Mowzey Radio wrote about many things, but the mist recurring theme was Love and Relationships (Nyambura, Bread and Butter, Neera, Am in Love, Byagana), but he occasionally penned subtle diss-tracks, stemming from his ego battles with fellow music heavyweights. Zuena is one such masterpiece, a song celebrating the beauty his rival Bebe Cool’s wife, Zuena. Radio also spat out at detractors with hits such as ‘Talk and Talk’ (for those with all talk and no action), and ‘Ngenda Maaso’.
An Award-Winning Spree
Not only did he have the Ugandan populace eating out of the palm of his hand, but also the critics, considering he bagged 15 HiPipo Music Awards in big categories like Song of the Year (Gutamiza), Best Duo, Album of the Year (Amaso Ntunga), Best Song Writer and more. Across the borders he won Best East African song twice at the Tanzania Music Awards, a Channel O Music Award for Most Gifted east African Video (This Is How We Do It). He also received nominations for Best Group at the 2010 MTV Africa Music Awards, and in 2013, a BET Music Awards nomination for Best International Act, the same category for which Eddy Kenzo won his BET award.
Radio and Weasel at the HiPipo Music Awards in 2015
Perhaps more telling of his legacy was the massive respect and adoration he had amongst his musical peers. He in fact wrote hits for some of them, like Irene Ntales’s Bikola, a collaboration with Rabadaba on Ability and B2C’s breakout hit, Gutamiza. He also briefly revived Desire Luzinda’s career with ‘Ekitone’, a boost to her staked career amidst her scandals.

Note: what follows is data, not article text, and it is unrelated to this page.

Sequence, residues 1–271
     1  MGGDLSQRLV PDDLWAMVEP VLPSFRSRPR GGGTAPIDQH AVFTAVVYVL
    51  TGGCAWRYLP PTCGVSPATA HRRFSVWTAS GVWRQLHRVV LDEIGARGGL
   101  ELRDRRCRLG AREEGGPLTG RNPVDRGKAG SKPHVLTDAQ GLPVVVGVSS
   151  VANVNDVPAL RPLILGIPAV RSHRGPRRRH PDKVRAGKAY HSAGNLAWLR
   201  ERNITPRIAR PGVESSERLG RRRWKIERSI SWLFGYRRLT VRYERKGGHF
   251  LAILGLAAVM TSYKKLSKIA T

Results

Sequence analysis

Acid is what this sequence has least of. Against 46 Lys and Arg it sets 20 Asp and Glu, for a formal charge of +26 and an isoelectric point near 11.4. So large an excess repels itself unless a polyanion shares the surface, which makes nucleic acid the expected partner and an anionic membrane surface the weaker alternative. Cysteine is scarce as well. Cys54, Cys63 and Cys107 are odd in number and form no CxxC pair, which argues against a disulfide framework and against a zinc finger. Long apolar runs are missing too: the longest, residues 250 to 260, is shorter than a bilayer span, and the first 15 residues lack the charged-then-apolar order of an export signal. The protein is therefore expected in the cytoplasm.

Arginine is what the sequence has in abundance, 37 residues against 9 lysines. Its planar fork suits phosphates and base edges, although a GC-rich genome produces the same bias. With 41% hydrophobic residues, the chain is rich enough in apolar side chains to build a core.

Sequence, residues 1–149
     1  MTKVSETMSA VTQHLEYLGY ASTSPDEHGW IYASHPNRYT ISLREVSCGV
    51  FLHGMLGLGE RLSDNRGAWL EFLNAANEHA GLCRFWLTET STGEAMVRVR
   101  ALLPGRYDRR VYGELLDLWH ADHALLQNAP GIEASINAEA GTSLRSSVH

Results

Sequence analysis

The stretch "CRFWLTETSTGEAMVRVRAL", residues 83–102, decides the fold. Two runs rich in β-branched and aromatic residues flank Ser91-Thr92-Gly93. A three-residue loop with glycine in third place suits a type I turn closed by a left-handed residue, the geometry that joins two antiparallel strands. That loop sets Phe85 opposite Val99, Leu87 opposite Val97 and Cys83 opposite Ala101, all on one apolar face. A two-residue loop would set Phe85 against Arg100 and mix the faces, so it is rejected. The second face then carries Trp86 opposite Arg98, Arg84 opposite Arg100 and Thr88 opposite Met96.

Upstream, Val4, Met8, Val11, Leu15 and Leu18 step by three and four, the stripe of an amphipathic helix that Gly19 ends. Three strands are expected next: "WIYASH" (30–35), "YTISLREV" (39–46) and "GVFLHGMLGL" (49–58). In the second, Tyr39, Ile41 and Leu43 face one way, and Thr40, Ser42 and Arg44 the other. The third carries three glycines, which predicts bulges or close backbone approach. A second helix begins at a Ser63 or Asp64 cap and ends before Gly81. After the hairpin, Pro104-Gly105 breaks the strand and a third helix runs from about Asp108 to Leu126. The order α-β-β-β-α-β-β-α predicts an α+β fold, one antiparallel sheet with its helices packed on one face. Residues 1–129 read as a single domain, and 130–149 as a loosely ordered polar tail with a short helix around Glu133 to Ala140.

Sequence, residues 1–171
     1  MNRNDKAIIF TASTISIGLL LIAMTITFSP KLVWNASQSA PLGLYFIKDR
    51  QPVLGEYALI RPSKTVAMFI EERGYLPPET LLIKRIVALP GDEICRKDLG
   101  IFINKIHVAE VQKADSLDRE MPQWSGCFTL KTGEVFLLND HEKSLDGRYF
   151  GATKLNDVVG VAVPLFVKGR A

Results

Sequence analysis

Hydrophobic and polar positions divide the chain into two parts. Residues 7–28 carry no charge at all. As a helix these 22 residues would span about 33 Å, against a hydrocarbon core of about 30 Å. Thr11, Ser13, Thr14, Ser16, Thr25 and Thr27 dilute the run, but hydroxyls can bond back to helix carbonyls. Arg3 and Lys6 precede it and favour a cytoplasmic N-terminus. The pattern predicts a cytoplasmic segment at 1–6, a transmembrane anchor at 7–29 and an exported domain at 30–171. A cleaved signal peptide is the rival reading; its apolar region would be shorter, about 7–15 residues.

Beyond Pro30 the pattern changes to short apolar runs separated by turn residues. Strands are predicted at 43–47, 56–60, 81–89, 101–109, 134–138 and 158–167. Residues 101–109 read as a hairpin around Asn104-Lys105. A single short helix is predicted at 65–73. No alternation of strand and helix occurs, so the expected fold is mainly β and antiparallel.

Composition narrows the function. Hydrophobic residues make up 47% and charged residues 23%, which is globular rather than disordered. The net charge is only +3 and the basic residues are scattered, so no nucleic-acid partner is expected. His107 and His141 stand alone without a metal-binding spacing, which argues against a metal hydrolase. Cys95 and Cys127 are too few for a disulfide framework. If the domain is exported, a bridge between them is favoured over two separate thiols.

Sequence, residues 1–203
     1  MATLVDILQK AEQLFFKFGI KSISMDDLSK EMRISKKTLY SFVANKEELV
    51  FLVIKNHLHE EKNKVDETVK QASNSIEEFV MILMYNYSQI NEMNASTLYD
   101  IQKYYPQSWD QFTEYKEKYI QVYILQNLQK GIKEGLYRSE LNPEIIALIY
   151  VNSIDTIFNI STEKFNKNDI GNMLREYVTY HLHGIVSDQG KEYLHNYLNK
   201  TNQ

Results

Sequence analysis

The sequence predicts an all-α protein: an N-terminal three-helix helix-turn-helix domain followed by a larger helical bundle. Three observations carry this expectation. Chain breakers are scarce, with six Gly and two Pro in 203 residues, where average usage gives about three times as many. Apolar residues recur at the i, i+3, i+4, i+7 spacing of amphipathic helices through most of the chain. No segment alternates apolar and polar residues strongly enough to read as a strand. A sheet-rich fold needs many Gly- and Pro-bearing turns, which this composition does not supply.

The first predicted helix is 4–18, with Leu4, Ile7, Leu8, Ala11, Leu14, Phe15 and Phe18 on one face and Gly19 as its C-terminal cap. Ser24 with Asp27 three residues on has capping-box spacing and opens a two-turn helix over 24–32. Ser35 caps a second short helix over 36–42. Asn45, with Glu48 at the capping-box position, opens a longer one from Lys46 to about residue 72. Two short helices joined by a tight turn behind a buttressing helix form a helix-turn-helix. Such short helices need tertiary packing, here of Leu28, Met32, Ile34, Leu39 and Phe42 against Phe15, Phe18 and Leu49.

His Family Legacy
As much as he loved his music, he loved people, more so those in his life. He had two kids, Asante and Izuka with fellow artiste Lillian Mbabazi who he had met at his Makerere as he studied a Psychology degree (perhaps that’s how he always knew what we wanted to hear). Lillian described him as a ‘responsible father, who always did what had to be done’.
A Life Gone Too Soon
Radio, however, was not free from controversy. He was well-known for his drinking and various fights; in fact, it was under similar circumstance that he met his demise. On a night out at a hangout in Entebbe, Radio was thrown onto the floor by a bouncer, sustaining heavy injuries that required surgery. He was treated at Case hospital, receiving five-star treatment, and yet in the end, he succumbed after 10 days.
On that dark day of 1st February 2018, hundreds gathered at both his residence and the hospital to mourn with and comfort the family of the deceased. Tributes flowed in from fellow celebrities and other prominent Ugandans, with the President describing him as a ‘talented young person with a great future ahead of him.’
The days that followed were littered with controversy as his former associates were accused of trying to steal from his family, and his past flames squabbling over a share of his property. Like a true brother, Weasel stepped him to protect the interests of Radio’s family, saying that they had hustled for their attainments and no one would steal from them.
Having died at 33, this year would have marked his 35th, and age at which many music legends are still at their peak, with many years ahead.
However, we cannot turn back the sands of time, or undo the hands of fate. He was as great as they come, and the good thing about legends, they never die.
For that, we shall always sadly miss him
Article by Proggie.